COURTSIDE: Foca Prison Trial

Defence claims that former warden was powerless to influence events in the notorious prison.

COURTSIDE: Foca Prison Trial

Defence claims that former warden was powerless to influence events in the notorious prison.

Milorad Krnojelac, former warden of Foca prison, "did not have any influence" over events at the institution, because the fate and treatment of inmates rested with the Bosnian Serb military, his defence claims.

Krnolejac is charged with crimes against humanity, grave breaches of the Geneva conventions and violations of the laws and customs of war in connection with beatings, killings and disappearance of non-Serb prisoners in Foca in 1992-93.

Defence witnesses said prisoners, soldiers who came to the prison to attack inmates and prison guards involved in the mistreatment of inmates were all under the authority of the Tactical Foca Group, the Bosnian Serb military command in the town.

Prosecutors claimed Krnolejac was on good terms with Foca's political and military authorities and could have prevented soldiers entering the prison and maltreating inmates. As warden, it was his duty to punish any abuse, prosecutors said.

The former warden's defence team rejects these claims.

The commander of the prison guards was subordinate to the army officer in charge of security, said defence witness Radomir Dolas, a temporary prison guard during the war. Dolas added that even deputy warden Simo Todovic, accused by some former inmates of cruel abuse, was subordinate to the military and not Krnjojelac.

Prosecutor Hildegard Uertz-Retzlaff tried to demonstrate that the former warden, regardless of his civilian function, was part of a military hierarchy. She produced a list of persons "of members of the prison unit", in which Dolas was described as a soldier and Krnjojelac as a first-class captain.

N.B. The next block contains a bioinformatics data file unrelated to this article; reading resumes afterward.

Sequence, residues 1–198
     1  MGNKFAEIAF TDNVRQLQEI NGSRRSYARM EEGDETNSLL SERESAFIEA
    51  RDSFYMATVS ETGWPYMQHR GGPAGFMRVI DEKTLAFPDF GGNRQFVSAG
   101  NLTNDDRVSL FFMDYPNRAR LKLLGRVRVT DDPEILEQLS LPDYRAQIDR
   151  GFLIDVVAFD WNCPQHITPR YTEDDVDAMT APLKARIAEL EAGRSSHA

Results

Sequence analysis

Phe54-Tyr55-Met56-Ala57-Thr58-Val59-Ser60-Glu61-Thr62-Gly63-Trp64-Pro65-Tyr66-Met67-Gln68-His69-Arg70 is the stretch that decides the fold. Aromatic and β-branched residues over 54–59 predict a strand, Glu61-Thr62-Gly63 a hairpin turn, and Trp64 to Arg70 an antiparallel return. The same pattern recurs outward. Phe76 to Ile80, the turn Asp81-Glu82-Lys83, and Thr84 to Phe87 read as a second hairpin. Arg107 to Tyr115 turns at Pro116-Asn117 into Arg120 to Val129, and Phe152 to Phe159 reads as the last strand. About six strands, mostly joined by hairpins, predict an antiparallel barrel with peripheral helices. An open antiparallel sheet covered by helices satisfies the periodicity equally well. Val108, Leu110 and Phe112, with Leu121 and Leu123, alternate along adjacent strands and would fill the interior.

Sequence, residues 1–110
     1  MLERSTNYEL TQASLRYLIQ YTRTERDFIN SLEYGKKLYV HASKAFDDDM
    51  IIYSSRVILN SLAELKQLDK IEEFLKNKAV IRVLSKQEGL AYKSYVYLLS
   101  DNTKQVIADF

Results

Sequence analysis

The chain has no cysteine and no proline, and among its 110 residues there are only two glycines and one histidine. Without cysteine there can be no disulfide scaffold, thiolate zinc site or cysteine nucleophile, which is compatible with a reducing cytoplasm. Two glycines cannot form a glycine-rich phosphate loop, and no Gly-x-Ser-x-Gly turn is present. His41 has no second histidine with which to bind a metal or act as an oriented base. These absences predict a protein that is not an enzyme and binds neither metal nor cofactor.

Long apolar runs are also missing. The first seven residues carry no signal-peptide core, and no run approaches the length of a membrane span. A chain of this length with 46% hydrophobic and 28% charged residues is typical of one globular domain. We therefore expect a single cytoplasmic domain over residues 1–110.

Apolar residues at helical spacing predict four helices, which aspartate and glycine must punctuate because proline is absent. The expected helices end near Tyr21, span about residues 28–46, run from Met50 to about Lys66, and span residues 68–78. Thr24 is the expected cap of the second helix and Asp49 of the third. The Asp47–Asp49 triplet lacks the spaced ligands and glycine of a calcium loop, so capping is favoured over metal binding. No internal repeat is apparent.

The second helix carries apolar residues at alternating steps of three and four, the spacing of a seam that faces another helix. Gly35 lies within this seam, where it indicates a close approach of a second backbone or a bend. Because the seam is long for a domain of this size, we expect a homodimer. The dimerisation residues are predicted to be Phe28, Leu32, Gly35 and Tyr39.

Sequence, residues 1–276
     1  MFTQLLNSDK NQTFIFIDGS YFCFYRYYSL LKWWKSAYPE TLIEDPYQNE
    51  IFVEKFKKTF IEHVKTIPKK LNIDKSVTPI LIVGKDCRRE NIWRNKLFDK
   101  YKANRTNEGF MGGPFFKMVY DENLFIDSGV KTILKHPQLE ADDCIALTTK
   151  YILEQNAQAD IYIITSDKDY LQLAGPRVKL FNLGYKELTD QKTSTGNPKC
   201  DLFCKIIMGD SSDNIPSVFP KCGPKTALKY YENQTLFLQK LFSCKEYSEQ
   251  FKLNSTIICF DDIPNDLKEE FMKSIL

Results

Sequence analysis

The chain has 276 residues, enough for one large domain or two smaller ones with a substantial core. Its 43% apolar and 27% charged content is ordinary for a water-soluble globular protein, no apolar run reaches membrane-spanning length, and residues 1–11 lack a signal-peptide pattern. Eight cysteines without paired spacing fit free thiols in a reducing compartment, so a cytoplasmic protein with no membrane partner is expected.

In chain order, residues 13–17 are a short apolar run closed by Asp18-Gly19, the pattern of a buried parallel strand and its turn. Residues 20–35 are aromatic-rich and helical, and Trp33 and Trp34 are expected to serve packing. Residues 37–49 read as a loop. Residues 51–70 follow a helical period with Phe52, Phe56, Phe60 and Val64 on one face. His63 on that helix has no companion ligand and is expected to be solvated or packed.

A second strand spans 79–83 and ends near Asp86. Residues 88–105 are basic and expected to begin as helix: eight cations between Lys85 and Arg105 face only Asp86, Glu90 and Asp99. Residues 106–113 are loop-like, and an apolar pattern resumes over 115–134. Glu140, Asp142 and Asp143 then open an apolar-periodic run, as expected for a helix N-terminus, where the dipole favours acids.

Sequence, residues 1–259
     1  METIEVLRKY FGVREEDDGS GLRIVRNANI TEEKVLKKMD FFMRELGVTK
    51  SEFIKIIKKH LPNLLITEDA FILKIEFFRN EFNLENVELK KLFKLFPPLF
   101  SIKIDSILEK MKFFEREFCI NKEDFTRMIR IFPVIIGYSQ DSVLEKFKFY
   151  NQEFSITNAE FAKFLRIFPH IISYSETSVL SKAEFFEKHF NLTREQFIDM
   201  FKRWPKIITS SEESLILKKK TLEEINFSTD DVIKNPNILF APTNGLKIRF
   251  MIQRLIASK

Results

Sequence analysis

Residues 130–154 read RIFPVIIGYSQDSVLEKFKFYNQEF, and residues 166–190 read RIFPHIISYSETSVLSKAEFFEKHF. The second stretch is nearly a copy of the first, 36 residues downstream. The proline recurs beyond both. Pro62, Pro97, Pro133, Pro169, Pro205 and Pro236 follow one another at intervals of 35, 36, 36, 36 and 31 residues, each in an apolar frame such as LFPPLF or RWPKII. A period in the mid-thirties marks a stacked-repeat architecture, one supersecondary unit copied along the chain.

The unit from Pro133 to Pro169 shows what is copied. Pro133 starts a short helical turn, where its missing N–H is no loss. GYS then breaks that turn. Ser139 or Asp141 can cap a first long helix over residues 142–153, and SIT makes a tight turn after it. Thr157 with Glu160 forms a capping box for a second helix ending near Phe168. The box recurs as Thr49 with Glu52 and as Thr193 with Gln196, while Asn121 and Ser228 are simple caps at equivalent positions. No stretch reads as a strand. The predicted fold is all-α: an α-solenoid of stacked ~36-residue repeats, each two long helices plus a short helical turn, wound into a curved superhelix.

When the prosecutor commented that "a captain is in charge of soldiers", Dolas agreed that "this is true in principle", however, in reality "there was never a military unit comprised of those who worked in the prison".

The defence witnesses said Krnolejac had been assigned to the prison on a "a work detail". He wanted out of the job, they said, but could not leave during a time of war without risking serious punishment. The defence said the preparedness of the military authorities to punish undisciplined Serbs could be demonstrated by the testimonies of three former soldiers sent to prison for refusing to go to the front or for accidentally killing their fellow soldiers.

The prosecution had also proven that there were Serb inmates in the jail, but stressed their treatment and food was far better than that provided to non-Serb detainees. Defence witnesses said all inmates received the same treatment. They said they heard no beatings or shots being fired in the prison.

The defence witness could not explain why the allegedly reluctant Krnojelac remained governor until August 1993, rather than resuming his job as a teacher when school term restarted in autumn 1992.

Support our journalists